Media Behaving Badly

You remember the pillars of old media, you know the ones that many now proclaim being obsolete, old-fashioned and slow: objectivity, using more than one source, digging deeper and not falling for people who proclaim they know the truth without questioning their motives? Oh, how all circuit breakers have failed this week.

After a conservative blogger posted an edited version of a speech given by a federal official, Shirley Sherrod, that was meant to prove that she practiced reverse racism against a white client, all media outlets, old and new and mainstream and what not, were up in arms about her alleged misconduct. The White House even fired the woman. But they were wrong, they apologized, the full video was shown and she was offered her job back. Apologies accepted?

Not so fast. The frenzy to stay on top of the news, to be the first to raise issues, forced the media to throw away again a few good old values of old media of days past: present the entire story, dig deeper, provide background, question every claim, use more than one source, and, above all, stay credible.

Was it really so hard for bloggers, reporters, editors and armchair commentators to watch the 45 minute video in its entirety and only then to report on it? Did they really have to rely on a short, edited clip, taken out of context to form an opinion? Was that too time consuming? Even a 24/7 news cycle needs to abide by and honor fairness, credibility and objectivity (at least in news gathering). Otherwise, it’ll turn into mere content mush without much substance. And nobody would want to pay for that. Oh, wait. We don’t pay for online news. Maybe we got what we bargained for.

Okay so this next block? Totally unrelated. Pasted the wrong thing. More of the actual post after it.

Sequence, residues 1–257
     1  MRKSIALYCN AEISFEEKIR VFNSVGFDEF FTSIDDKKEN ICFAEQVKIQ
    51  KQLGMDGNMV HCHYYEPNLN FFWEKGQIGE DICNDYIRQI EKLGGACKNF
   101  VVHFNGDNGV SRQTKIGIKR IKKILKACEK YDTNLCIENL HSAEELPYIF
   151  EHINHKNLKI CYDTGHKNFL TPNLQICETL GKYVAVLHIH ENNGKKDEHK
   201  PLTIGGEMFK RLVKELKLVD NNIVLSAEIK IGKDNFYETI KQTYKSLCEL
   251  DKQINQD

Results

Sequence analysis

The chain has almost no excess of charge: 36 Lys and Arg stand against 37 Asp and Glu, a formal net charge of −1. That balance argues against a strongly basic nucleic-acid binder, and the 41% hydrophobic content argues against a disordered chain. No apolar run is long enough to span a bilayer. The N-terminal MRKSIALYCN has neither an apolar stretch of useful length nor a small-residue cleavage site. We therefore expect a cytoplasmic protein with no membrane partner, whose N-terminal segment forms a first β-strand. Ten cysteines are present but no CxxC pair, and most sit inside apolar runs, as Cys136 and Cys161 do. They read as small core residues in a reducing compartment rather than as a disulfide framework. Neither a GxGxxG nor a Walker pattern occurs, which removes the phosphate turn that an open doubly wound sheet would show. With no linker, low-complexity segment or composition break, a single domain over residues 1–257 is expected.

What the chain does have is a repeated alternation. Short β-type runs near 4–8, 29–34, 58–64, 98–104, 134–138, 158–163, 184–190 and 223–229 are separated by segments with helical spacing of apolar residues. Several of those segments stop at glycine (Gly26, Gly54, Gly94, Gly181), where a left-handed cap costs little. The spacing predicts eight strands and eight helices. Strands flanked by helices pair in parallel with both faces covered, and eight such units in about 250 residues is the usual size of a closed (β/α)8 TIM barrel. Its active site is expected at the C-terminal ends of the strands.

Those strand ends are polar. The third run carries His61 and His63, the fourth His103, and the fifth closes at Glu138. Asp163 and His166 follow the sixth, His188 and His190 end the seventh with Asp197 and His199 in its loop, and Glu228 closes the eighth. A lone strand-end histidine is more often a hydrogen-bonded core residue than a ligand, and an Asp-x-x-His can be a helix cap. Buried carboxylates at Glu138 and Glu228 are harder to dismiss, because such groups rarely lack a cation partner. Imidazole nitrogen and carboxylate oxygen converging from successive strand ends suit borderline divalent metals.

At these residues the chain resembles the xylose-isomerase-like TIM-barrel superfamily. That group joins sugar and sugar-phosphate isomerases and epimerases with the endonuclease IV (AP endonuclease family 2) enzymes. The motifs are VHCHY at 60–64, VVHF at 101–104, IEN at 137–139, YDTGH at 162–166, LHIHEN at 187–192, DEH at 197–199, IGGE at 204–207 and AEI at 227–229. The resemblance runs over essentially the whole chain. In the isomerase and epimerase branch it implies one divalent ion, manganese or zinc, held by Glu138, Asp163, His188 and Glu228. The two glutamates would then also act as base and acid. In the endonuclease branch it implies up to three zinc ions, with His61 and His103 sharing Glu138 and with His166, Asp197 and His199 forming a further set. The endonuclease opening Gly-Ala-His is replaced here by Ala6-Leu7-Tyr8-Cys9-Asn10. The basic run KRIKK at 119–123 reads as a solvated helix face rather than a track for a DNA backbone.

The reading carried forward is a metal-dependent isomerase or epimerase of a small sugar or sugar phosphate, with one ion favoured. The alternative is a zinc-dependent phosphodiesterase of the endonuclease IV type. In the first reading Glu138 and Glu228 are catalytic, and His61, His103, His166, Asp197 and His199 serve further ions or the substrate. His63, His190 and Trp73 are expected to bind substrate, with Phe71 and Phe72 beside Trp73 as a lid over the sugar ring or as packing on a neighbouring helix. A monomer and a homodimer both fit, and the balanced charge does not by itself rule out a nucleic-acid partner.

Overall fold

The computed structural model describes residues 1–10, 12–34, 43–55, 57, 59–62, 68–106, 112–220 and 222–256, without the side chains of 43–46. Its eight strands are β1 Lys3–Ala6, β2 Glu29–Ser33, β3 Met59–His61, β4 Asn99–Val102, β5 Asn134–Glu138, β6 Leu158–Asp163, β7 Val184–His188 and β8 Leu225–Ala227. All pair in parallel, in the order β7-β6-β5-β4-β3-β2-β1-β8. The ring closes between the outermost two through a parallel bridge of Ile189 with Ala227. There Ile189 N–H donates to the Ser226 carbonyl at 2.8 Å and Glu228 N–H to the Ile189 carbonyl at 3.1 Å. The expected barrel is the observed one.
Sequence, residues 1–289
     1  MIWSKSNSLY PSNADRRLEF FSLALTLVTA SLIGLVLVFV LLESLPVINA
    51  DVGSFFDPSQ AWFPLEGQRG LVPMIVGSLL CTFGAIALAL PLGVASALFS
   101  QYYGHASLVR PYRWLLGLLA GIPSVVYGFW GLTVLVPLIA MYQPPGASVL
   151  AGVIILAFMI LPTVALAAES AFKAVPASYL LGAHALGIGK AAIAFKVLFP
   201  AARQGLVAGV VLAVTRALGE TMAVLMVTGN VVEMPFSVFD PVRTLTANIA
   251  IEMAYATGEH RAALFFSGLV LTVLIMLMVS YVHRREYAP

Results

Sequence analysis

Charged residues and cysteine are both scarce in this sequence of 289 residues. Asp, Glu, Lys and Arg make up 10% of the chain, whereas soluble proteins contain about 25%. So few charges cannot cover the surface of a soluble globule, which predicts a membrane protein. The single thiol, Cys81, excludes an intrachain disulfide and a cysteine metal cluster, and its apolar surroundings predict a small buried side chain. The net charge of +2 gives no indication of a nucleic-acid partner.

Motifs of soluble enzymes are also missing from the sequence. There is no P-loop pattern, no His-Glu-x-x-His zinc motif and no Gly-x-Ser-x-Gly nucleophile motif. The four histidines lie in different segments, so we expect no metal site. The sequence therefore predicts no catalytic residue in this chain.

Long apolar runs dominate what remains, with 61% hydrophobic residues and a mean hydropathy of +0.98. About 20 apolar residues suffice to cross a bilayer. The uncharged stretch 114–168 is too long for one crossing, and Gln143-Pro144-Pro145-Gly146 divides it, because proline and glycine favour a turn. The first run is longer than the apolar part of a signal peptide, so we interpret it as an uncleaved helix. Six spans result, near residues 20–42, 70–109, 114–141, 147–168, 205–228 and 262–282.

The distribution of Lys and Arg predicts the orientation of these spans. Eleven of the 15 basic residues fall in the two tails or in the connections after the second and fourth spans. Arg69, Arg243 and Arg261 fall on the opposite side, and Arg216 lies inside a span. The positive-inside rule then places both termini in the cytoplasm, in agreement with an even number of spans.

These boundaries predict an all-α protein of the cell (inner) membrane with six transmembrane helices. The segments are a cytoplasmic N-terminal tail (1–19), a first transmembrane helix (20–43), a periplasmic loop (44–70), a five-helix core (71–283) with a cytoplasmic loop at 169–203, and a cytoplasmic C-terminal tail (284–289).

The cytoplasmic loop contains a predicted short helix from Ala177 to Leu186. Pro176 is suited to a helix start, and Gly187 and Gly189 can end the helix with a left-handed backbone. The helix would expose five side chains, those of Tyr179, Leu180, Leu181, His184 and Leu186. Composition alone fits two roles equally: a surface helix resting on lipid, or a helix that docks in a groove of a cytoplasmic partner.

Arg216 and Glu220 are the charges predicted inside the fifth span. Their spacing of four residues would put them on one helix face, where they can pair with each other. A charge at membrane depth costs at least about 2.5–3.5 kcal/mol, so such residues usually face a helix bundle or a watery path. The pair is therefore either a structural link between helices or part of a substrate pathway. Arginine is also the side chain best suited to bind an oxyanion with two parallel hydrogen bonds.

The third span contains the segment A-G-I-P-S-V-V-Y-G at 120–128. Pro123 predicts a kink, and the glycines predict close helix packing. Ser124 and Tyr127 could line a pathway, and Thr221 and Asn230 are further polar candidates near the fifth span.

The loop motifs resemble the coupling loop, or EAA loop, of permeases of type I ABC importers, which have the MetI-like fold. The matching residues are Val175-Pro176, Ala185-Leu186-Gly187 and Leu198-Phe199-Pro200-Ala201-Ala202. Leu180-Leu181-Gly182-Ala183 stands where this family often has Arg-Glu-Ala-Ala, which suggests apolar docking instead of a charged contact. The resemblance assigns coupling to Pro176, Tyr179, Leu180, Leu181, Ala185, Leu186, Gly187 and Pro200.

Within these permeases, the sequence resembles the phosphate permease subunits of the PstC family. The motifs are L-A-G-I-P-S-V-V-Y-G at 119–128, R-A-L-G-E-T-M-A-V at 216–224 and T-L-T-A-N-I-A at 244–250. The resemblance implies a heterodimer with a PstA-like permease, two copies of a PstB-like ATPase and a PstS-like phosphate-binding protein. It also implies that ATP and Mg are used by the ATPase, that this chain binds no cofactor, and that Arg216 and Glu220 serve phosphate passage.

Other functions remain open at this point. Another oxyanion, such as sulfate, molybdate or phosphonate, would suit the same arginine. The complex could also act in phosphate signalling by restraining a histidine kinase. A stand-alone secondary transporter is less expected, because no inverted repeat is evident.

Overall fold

Poynter published a timeline of how the story spread and engulfed the media sphere:

“Welcome to the modern news cycle, Shirley Sherrod. Even in today’s fast-paced media cycle, your trip has been more jarring than most. In a few weeks, most people won’t remember your name. They may, however, remember something about you. What, exactly? Well, that depends on when and where they heard about you. […] What’s left after all these waves? Not much news. Just another day at the beach, watching the media surf the breakers.”

And here is how PBS Newshour’s executive producer summarized what had happened:

“In our judgment, this story was about how a combination of supposedly responsible organizations and institutions handled a misleading piece of information that first surfaced on a website with an avowed political agenda. The press, the administration and the interest groups involved all have blame to share for prejudging Ms. Sherrod’s words before understanding their original intent and full context.”

So, for all those who haven’t seen the entire speech (and dear editors: a simple YouTube search would have helped you get the facts), here you go. Judge for yourself and point fingers at the right direction: The media, old and new, conservative or not. Now, go, cover the other issues at hand.

[youtube=http://www.youtube.com/watch?v=E9NcCa_KjXk&hl=en_US&fs=1?rel=0&color1=0x2b405b&color2=0x6b8ab6]

Top illustration: John Cuneo, Wired Magazine.

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Tekla Szymanski

Tekla is a New-York based independent content strategist and front-end web developer, a multilingual journalist, writer and editor (both offline and online).

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